Mike Tipping of Maine People’s Alliance, an affiliate of People’s Action, credited Maxmin’s ability to connect with voters across party lines, stressing that Maxmin ran a campaign she defined as “bipartisan” rather than “progressive” because issues that matter to voters in her rural district are important to people of all political beliefs.
“These are universal progressive values,” Tipping told Common Dreams. “Too often we talk about these things in a partisan lens, but overwhelmingly people believe we need to tax the wealthy, that we need to raise the minimum wage, that we need sick days, paid family leave, healthcare access that’s real, that everyone can see a doctor when they need to. Those are not limited to a party. And when you build a multi-race, multi-class coalition like Chloe did … That’s how you win in those places.”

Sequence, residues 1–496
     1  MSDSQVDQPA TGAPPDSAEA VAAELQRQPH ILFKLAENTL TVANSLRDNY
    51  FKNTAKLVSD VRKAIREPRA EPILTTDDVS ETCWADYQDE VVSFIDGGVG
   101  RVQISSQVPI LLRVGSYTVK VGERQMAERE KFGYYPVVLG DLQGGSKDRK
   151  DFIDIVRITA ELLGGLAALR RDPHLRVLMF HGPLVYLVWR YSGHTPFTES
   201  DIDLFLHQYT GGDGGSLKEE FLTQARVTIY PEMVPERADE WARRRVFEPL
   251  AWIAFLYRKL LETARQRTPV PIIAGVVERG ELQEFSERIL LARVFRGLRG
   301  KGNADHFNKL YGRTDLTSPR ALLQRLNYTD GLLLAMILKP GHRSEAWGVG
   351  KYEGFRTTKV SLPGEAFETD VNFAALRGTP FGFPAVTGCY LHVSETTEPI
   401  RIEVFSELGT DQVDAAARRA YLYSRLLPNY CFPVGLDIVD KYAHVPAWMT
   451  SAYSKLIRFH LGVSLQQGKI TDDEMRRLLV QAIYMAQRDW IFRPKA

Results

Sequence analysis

In “Rural Runner,” a short film by Forest Woodward about Maxmin and her campaign manager, Canyon Woodward, Maxmin is seen knocking on doors in rural Maine, talking to voters about how their lives could be impacted by a Green New Deal for the state and other progressive legislation.
“Every year we keep electing the same kind of folks,” she says in the film. “They tell us the same things, they act the same way, we elect them, they get into the state House, and they break the same promises and we’re left with the same disillusionment that we had before.”
In 2018, Maxmin began her campaign in House District 88 as an underdog, 16 points behind her opponent, but credited her tireless face-to-face campaigning with securing victory.
“What Chloe and I have done is pretty simple,” said Woodward in “Rural Runner,” which was filmed as the team was beginning Maxmin’s campaign for the state Senate race. “We put one foot in front of the other, we listen, we show up every day rain or shine, we do our best. We never really know what we’re capable of unless we try.”